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What is Ramsay Hunt syndrome? Justin Bieber diagnosed with rare neurological disorder

Justin Bieber diagnosed with rare disorder
Justin Bieber says half his face is paralyzed due to Ramsay Hunt syndrome 01:10

Music superstar Justin Bieber announced Friday that he has been diagnosed with Ramsay Hunt syndrome, a rare neurological disorder.

"It is from this virus attacks the nerves in my ear, my facial nerves, and has caused my face to have paralysis," Bieber said in a video posted to Instagram.

The 28-year-old musician was forced to cancel three appearances this week on his Justice World Tour as a result. "Obviously my body is telling me I gotta slow down," he said.

Bieber described some of the symptoms: "As you can see, this eye is not blinking, I can't smile on this side of my face, this nostril will not move," he said, gesturing to the features that barely moved as he tried to blink and smile.

Ramsay Hunt syndrome is named after the American neurologist who identified it in the early 20th century.

It is caused by varicella zoster, the same virus which causes both chickenpox and shingles, explains the American Academy of Otolaryngology Head and Neck Surgery. It is also rare. According to the National Organization for Rare Disorders, only five people per 100,000 are estimated to contract Ramsay Hunt annually.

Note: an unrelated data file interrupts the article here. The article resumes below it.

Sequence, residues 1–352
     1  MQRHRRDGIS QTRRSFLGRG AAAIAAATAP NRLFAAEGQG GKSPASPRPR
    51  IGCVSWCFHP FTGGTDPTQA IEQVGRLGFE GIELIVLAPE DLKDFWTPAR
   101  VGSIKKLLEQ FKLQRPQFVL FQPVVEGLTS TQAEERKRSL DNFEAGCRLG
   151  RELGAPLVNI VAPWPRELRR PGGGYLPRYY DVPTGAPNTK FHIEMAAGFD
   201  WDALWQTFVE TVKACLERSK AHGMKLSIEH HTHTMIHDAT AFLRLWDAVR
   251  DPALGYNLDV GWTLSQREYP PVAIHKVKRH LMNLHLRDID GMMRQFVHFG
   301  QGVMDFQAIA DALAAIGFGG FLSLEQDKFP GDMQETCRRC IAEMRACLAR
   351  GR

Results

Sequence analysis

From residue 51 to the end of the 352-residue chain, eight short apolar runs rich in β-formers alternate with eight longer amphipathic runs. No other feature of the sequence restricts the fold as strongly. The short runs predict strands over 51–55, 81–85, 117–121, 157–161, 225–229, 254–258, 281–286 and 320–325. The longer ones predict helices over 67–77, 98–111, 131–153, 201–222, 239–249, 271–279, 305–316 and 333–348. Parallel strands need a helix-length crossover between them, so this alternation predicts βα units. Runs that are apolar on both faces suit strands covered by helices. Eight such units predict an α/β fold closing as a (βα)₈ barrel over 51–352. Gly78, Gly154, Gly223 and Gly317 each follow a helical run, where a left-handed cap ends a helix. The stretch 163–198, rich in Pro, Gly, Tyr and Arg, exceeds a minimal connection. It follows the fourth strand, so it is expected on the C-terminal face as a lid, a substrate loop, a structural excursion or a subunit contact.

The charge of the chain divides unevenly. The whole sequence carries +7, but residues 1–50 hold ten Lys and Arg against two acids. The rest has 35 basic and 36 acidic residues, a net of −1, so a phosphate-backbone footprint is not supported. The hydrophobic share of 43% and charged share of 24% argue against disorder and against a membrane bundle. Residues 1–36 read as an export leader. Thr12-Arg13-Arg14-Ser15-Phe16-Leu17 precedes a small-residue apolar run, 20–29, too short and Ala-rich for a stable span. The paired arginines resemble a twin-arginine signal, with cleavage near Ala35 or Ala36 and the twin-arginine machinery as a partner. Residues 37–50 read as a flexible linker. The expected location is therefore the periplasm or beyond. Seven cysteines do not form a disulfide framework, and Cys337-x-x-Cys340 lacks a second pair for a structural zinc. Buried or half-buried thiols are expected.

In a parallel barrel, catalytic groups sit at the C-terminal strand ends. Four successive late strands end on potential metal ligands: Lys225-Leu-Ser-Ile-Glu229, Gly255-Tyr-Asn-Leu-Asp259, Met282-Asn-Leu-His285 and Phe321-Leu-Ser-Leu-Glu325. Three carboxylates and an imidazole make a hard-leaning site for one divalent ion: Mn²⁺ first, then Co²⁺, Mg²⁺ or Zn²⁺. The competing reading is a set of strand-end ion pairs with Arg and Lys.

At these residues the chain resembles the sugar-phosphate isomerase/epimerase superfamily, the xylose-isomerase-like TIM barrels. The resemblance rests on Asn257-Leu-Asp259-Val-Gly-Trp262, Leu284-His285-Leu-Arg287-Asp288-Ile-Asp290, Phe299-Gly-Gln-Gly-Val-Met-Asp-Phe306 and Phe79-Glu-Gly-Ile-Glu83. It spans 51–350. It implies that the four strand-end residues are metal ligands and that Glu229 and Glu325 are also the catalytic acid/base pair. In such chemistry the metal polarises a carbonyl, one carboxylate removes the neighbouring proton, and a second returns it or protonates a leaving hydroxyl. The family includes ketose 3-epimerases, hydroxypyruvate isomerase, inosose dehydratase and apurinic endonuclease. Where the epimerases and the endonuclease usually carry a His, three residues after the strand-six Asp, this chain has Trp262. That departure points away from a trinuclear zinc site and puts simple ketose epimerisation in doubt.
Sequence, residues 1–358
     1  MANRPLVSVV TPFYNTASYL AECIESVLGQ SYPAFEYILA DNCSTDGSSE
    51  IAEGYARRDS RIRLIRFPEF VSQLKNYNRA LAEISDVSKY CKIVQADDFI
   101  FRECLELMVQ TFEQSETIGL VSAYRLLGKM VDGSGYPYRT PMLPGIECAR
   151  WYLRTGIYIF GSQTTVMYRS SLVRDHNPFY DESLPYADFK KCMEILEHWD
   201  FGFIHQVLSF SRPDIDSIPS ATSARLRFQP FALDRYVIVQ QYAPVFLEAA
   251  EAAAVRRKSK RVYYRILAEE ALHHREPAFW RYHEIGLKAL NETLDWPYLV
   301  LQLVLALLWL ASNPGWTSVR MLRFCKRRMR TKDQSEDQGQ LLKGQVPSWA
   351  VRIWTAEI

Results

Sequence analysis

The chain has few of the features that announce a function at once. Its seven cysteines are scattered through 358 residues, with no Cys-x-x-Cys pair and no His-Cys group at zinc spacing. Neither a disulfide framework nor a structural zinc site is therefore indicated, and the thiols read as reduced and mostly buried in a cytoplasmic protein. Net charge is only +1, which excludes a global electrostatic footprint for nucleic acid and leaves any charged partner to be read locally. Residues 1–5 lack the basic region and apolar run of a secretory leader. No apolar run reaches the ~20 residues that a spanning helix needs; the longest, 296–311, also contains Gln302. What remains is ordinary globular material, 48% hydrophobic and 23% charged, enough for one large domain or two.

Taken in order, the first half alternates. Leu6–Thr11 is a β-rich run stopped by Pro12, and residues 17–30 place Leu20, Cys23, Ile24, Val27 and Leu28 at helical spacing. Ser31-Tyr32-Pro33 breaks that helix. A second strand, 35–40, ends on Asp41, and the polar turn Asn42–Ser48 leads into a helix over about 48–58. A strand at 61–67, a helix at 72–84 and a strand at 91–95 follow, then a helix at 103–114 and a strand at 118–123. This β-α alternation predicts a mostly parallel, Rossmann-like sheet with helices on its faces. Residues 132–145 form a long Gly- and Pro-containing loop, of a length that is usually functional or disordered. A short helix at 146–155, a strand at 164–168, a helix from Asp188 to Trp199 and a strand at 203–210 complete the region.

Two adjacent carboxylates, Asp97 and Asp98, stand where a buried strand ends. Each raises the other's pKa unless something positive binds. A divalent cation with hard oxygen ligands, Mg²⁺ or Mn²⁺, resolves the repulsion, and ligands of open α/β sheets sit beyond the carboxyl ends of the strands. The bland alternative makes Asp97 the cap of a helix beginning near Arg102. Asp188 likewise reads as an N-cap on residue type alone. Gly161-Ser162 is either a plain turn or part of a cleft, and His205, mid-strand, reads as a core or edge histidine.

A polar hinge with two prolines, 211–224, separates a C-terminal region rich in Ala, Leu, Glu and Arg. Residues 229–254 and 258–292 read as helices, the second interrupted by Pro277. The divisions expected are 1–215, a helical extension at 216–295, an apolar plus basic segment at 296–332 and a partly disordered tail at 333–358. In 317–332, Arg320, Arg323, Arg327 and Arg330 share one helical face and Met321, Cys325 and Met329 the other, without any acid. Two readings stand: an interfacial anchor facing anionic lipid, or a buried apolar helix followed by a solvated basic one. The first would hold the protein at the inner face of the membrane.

It can occur in anyone who has had chickenpox, and is triggered by a shingles outbreak, according to the Mayo Clinic. It can cause both a rash around one ear and paralysis on one side of the face, as is apparently being experienced by Bieber. Other symptoms can include hearing loss and vertigo.

Depending on the extent of the nerve damage, recovery usually occurs within a few weeks, according to information from the Mount Sinai Health System. Treatment options can include anti-inflammatory and antiviral medications such as prednisone, acyclovir and valacyclovir.

In severe cases, it can cause permanent hearing loss and eye damage, the Mayo Clinic says. 

In his Instagram video, Bieber sounded optimistic about his recovery.

"I'm gonna get better," he said. "I'm doing all these facial exercises to get my face back to normal. And it will go back to normal — it's just time. We don't know how much time it's gonna be, but it's gonna be OK."

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